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again, the ravens read the arc again, but this time with an additional blocker on the outside. in essence, the play becomes more of a sweep play than a true arc play, but the goal remains the same: read the end at the line of scrimmage and take out linebackers with an h-back that crosses the formation. Although the play isn’t looking for an explosive win, Jackson picks up enough to move the clubs and keep the momentum alive.
To overlay this newfound creativity on the ground through the pistol formation, the Ravens have also opened up their action and passing game a bit. No, his play action isn’t necessarily more successful because the team is handling the ball more effectively, but adding the pistol to the team’s arsenal adds another wrinkle and formation for defenses to think about. when mornhinweg turns into deep gunshots, the results can be devastating, and it looks like the ravens are only scratching the surface in that department.
This play-action play blends a high-low levels concept to the left side of the formation with two vertical routes from the tight ends to the right side, not unlike one of Peyton Manning’s favorite concepts back in the day. In theory, the short in route should be taken any time it is available pre-snap. However, Oakland is playing press coverage with a two-deep shell on the back end, which may signal either an aggressive quarters or Cover-2 look.
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Just before center, Jackson looks to the left and sees the press coverage on the receiver set up to run the short. Jackson then calls for the snap, fakes the transfer, and proceeds to confirm or reassess if necessary. , coverage as your receivers go out on their routes. jackson scans both safeties, from left to right, and sees them both playing safety-half assignments. With that information, Jackson knows he has a one-one-one down the right sideline with tight end Mark Andrews. jackson turns on andrews and throws the ball more than 30 yards in the air as a pass-rusher pushes into his lap, guiding andrews perfectly to allow him to run after the catch. In one play, the Ravens ran 74 yards to go from falling back inside their own 15-yard line into the opposing red zone.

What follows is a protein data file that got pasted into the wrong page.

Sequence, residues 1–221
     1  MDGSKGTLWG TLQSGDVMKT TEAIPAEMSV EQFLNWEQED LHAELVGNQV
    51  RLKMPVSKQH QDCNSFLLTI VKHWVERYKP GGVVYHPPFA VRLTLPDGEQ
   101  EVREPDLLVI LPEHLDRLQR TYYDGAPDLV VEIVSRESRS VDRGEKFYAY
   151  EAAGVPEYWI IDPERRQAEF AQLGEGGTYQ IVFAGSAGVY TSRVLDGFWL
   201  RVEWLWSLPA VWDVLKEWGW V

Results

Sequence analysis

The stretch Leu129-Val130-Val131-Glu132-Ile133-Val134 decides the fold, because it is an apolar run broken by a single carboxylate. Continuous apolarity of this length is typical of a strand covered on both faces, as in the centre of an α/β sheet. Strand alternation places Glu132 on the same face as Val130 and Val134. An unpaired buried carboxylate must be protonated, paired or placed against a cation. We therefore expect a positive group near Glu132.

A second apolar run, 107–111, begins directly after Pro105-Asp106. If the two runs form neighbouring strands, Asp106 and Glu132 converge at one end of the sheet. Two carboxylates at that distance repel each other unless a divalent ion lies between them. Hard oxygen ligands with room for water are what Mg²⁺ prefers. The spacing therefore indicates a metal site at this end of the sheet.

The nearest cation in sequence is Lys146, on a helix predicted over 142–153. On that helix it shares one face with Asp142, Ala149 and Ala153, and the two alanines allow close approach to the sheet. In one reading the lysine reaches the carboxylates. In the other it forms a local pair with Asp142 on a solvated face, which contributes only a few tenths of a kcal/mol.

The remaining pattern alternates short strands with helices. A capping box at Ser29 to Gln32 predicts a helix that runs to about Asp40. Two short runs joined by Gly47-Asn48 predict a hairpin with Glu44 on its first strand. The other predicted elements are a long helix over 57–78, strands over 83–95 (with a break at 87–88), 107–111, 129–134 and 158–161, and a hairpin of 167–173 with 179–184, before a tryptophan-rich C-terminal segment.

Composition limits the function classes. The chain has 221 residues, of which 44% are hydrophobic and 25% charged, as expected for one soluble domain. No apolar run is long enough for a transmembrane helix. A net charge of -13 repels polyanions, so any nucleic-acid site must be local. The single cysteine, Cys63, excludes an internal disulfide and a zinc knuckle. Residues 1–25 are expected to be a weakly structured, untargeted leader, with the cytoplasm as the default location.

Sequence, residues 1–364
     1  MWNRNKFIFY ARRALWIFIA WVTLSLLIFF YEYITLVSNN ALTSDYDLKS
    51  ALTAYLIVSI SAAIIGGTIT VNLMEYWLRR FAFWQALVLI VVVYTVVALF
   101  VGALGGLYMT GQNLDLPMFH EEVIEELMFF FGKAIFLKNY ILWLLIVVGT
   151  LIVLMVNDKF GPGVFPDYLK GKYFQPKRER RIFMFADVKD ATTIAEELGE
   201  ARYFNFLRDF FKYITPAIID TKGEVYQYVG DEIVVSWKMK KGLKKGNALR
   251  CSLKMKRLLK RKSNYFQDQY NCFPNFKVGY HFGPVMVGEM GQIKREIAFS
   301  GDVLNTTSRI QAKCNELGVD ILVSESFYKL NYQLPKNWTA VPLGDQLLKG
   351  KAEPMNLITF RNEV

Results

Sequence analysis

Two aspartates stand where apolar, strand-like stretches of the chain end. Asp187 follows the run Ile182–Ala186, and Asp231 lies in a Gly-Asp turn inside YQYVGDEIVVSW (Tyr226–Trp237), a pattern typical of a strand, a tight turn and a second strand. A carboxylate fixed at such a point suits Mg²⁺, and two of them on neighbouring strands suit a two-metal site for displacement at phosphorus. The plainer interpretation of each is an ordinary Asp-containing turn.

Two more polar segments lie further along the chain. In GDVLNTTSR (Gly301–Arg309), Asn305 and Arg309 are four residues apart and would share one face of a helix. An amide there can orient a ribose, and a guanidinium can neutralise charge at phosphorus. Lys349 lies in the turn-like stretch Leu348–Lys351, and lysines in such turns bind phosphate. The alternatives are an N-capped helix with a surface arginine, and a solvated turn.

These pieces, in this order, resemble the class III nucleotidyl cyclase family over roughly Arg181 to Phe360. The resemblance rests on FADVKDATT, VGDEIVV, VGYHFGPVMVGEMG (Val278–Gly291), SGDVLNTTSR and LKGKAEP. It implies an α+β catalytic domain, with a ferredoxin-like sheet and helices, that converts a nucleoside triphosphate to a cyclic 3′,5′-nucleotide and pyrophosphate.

this is a good concept for any quarterback, but a perfect fit for jackson. In Louisville, Jackson became very familiar with the pistol action game and the aggressive concepts of full field passes. had the coverage called for it, jackson would have been just as comfortable taking the 7+ yards from the short route, but he knew he had to go elsewhere on this particular play. Concepts like this should come up more and more as Jackson becomes a heavier load at quarterback.
the caveat about baltimore’s pistol-based offense is that it is typically phased out when the team is in a hurry or in clear passing situations. this is not because the pistol is bad for those situations per se, but rather because shotgun builds can more easily allow for simple six-man guards with the runner, or allow the back to get into faster control paths. Instead of using the pistol all the time, Baltimore has leaned more heavily on it as his base offense, later turning primarily to the shotgun when necessary. Although it looks a little different, this is similar to the Dallas Cowboys being a center-focused, run-oriented offense that leans on the shotgun when the pass is absolutely necessary.
jackson still has a long way to go to become a top-tier quarterback like the rest of his rookie teammates, but he’s being deployed in a refreshingly exciting way. As the Ravens prepare to take on three of the worst defenses in the league over the next three weeks (the Falcons, the Chiefs, and the Buccaneers), tracking Baltimore’s use and expansion of his pistol attack is going to be a fun minigame. For NFL fans to play as they watch Jackson get into his thing. For the first time in years, Baltimore’s offense is worth keeping an eye on and is at the forefront of an ever-developing NFL landscape.